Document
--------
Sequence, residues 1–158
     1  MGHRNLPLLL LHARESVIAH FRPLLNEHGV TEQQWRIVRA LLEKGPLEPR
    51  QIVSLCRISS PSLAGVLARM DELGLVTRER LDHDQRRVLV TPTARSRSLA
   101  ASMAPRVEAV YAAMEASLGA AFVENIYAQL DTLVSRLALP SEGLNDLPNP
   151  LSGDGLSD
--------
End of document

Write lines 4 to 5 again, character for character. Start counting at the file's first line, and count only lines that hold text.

   101  ASMAPRVEAV YAAMEASLGA AFVENIYAQL DTLVSRLALP SEGLNDLPNP
   151  LSGDGLSD